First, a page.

I’ve been wondering what the dealio is with the Chinese music market for some time–you know, it’s right there by Korea, it’s big, and the large K-Pop labels always seem to be gunning for it.
Block B seems to be doing pretty well these days in Hong Kong and Taiwan, but there’s just not that many people in either market–Hong Kong has 7.2 million people and Taiwan has 23 million. (Japan has 127 million, which explains why it gets so much more attention from the group.)
China, in contrast, has 1.3 billion people. And the numbers Block B was able to attract just screwing around online were quite shocking to me.
When My Music Taste was trying to put together a Chinese concert last year, they did a voting page, and (I’m having to rely on memory here) both Beijing and Shanghai got something like 20,000 votes. You know, each.
So I decided to go poking around. Not surprisingly, a lot of the U.S.-based media approaches the Chinese music market from the perspective of U.S. companies–so China kicks out iTunes, and it’s this HUGE story.
But there is quite a bit of stuff in English that’s more focused on the Chinese music market itself. This article and the IFPI’s China page give good overviews–basically the market is very small from a revenue perspective (smaller than Switzerland!), but that is changing.
China Music Radar, an English-language blog focusing on independent Chinese music (I told you there was a lot in English out there!) notes that while Western media tends to blame China’s small market size on entrenched piracy, the truth is more complex:
Piracy is not a “barrier” or cultural characteristic. It is an entrenched structural flaw.
It’s the same rule as anywhere in the world – if pirating a piece of music is easier than jumping through the logistical hoops to acquire it legally, the choice is a no-brainer for most people.
It’s definitely true that music piracy is entrenched in China–so much so that for years Chinese digital-music companies typically offered pirated music!
But it’s also true that music piracy was once every bit as entrenched in the United States. I remember when Napster was a media darling, with the company’s founder appearing on magazine covers and investors clamoring for a piece of the action–all for a company whose business plan was based entirely on an illegal activity. (The 90s were an interesting decade.) Nonetheless, the United States managed to convert to a paid model for digital music.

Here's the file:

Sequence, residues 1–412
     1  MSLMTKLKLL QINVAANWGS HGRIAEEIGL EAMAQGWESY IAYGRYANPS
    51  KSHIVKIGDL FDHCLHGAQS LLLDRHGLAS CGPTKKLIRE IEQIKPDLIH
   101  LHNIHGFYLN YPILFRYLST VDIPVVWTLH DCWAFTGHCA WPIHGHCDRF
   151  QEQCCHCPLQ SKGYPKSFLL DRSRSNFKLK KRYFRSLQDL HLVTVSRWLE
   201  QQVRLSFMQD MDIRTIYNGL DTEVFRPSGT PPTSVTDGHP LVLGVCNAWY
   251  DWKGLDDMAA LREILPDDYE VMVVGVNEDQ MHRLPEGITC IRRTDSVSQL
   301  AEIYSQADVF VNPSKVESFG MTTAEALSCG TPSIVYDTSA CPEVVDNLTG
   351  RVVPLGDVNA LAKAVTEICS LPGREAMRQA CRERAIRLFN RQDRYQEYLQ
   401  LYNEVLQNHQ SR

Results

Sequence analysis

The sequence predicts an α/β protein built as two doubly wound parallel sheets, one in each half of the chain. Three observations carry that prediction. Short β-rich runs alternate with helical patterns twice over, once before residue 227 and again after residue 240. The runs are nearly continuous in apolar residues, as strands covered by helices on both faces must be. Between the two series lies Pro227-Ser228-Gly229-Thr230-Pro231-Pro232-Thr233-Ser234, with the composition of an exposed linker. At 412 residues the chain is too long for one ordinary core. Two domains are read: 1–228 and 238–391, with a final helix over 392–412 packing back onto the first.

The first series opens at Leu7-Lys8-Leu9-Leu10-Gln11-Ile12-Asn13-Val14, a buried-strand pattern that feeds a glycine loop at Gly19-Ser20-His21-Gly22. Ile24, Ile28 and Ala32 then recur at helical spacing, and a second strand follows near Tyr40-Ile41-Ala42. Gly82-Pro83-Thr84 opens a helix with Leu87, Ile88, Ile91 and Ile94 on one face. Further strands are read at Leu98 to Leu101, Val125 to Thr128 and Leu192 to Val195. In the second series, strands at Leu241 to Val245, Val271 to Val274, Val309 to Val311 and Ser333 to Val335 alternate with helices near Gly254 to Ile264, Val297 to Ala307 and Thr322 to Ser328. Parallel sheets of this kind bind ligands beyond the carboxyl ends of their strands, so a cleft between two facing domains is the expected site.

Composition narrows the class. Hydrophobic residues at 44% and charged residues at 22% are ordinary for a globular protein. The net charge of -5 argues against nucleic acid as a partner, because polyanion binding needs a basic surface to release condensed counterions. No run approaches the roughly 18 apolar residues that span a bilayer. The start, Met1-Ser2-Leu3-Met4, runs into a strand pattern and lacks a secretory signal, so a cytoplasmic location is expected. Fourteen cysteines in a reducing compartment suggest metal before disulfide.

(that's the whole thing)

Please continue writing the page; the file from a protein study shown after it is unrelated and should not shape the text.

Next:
Convenience is key in any digital market: Even selling my own book, I’ve seen people ignore a coupon for a free digital copy on one retail site in favor of paying for the book on another, because the second site was easier to use. So I tend to agree that, in a digital market, piracy will largely cease being a serious issue if you make it easier for people to buy something than to pirate it. And thanks to some recent regulatory changes, that seems to be where China is heading.
But it’s not a motherlode yet.
Look at Luhan’s record-setting album sales in China–those numbers are nice, sure, but they certainly would not be considered a huge deal in the United States, which has about a third of the population of China. Clearly not everyone is on the “Let’s pay for it!” bandwagon yet (and given how recent the changes have been, it would be a miracle if they were).
The other wrinkle is the price music sells for in China, which is pretty low. Obviously if you make music too expensive, no one will buy it (if forced to choose between food and music, most people will opt for food). But when you’re selling a full album for $3 and a mini-album for 60 cents, even healthy unit sales aren’t necessarily going to result in major revenues.
That probably matters less to musicians living in China, where the cost of living is lower. Being based in China and being with a larger label has another advantage: Your right to be paid is more likely to be respected.
So, yeah. China is definitely a promising market, but a promise is not a sure thing. Block B may have loads of fans in China, but are they seeing equally large revenues from there? I doubt it.
Still, things are changing, and it’s certainly worth it for Block B to reach out to the Chinese market and to do things like the Chongqin event.
Taeil the tattooed trade diplomat